cmp(1) has a bottleneck, but where?

Bruce Evans brde at
Sat Jan 14 11:34:59 UTC 2012

On Thu, 12 Jan 2012, Dieter BSD wrote:

>>> A) Should the default vfs.read_max be increased?
>> Maybe, but I don't buy most claims that larger block sizes are better.
> I didn't say anything about block sizes. There needs to be enough
> data in memory so that the CPU doesn't run out while the disk is
> seeking.

Oops.  I was thinking of read-ahead essentially extending the block
size.  It (or rather clustering) does exactly that for file systems
with small block sizes, provided the blocks are contiguous.  But
too much of it gives latency and resource wastage problems.  Reads
by other processes may be queued behind read-ahead that is never

>>> B) Can the mmap case be fixed? What is the aledged benefit of
>>> using mmap anyway? All I've even seen are problems.
>> It is much faster for cases where the file is already in memory. It
>> is unclear whether this case is common enough to matter. I guess it
>> isn't.
> Is there a reasonably efficient way to tell if a file is already
> in memory or not? If not, then we have to guess.

Not that I know of.  You would want to know how much of it is in

> If the file is larger than memory it cannot already be in memory.
> For real world uses, there are 2 files, and not all memory can be
> used for buffering files. So cmp could check the file sizes and
> if larger than x% of main memory then assume not in memory.
> There could be a command line argument specifying which method to
> use, or providing a guess whether the files are in memory or not.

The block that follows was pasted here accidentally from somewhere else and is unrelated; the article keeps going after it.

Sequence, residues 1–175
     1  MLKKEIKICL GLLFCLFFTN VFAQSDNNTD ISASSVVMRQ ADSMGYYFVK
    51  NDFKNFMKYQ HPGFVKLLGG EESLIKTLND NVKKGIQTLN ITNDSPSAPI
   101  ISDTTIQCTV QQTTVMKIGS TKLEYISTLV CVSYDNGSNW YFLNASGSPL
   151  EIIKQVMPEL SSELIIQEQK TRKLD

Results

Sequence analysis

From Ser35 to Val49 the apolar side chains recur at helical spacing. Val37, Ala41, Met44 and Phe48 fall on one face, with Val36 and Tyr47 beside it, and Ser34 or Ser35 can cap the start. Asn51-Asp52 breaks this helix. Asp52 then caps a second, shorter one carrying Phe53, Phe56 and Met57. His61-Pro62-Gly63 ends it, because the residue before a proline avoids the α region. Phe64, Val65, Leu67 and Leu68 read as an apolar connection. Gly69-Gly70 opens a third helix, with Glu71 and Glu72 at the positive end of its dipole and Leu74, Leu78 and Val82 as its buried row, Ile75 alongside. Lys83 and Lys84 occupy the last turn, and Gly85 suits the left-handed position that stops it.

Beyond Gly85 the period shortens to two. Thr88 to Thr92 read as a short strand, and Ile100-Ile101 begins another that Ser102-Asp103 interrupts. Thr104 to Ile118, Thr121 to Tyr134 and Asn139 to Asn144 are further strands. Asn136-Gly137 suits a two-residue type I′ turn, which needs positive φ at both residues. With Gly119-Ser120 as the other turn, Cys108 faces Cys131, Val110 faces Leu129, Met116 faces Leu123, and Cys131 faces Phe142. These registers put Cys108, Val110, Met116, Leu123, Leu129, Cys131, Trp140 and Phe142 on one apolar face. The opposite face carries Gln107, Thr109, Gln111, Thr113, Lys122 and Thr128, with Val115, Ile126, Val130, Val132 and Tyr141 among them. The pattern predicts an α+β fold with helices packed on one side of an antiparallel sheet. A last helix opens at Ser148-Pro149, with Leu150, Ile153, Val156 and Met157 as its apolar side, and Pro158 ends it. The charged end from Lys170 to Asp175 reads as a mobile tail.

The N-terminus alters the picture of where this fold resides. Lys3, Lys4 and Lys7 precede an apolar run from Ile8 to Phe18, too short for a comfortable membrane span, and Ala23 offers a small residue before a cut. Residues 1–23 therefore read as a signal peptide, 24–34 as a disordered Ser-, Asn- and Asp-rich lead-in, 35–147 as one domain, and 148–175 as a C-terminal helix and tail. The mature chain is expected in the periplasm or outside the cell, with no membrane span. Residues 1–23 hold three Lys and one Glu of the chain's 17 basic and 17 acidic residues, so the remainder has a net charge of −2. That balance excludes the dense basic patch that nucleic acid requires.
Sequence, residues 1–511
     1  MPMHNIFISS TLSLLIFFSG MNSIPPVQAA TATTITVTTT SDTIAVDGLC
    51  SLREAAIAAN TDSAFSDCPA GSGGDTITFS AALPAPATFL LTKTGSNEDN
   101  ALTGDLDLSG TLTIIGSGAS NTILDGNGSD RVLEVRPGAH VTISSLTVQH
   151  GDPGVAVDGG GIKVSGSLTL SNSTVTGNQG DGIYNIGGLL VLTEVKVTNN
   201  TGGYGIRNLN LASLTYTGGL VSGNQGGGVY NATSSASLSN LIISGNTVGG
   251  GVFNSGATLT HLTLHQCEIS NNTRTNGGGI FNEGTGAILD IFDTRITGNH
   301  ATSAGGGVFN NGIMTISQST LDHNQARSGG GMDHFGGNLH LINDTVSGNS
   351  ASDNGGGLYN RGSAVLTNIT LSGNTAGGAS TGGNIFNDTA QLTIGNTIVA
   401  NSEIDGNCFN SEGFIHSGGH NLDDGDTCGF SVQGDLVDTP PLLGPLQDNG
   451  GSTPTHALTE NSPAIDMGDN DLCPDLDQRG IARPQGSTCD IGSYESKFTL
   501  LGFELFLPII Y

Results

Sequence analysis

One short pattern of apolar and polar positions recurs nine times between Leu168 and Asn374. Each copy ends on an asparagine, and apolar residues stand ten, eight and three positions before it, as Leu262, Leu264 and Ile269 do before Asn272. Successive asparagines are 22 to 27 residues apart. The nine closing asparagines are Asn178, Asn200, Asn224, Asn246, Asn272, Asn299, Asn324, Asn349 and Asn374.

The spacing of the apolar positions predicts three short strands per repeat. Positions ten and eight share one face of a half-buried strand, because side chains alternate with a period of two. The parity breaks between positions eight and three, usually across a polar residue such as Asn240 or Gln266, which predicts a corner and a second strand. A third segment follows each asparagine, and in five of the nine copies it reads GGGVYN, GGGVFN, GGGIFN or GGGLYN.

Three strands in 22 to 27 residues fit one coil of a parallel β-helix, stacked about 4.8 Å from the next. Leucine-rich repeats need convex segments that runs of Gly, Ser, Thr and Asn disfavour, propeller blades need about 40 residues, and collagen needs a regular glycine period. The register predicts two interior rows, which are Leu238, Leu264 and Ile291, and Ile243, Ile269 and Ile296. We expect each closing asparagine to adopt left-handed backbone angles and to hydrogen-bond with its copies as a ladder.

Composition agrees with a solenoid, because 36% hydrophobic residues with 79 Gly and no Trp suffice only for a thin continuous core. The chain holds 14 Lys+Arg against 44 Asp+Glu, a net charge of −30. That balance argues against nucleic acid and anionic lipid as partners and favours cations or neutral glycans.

I think the 8MB value does that well enough, especially now that
everyone has a GB or 16 of memory.

posix_fadvise() should probably be used for large files to tell the
system not to cache the data.  Its man page reminded me of the O_DIRECT
flag.  Certainly if the combined size exceeds the size of main memory,
O_DIRECT would be good (even for benchmarks that cmp the same files :-).
But cmp and cp are too old to use it.

> I wrote a prototype no-features cmp using read(2) and memcmp(3).
> For large files it is faster than the base cmp and uses less cpu.
> It is I/O bound rather than CPU bound.

What about using mmap() and memcmp()?  mmap() shouldn't be inherently
much worse than read().  I think it shouldn't and doesn't not read
ahead the whole mmap()ed size (8MB here), since that would be bad for
latency.  So it must page it in when it is accessed, and read ahead
for that.

there is another thread about how bad mmap() and sendfile() are with
zfs, because zfs is not merged with the buffer cache so using mmap()
with it wastes about a factor of 2 of memory; sendfile() uses mmap()
so using it with zfs is bad too.  Apparently no one uses cp or cmp
with zfs :-), or they would notice its slowness there too.

> So perhaps use memcmp when possible and decide between read and mmap
> based on (something)?
> Assuming the added performance justifies the added complexity?

I think memcmp() instead of byte comparision for cmp -lx is not very
complex.  More interesting is memcmp() for the general case.  For
small files (<= mmap()ed size), mmap() followed by memcmp(), then
go back to a byte comp to count the line number when memcmp() fails
seems good.  Going back is messier and slower for large files.  In
the worst case of files larger than memory with a difference at the
end, it involves reading everything twice, so it is twice as slow
if it is i/o bound.


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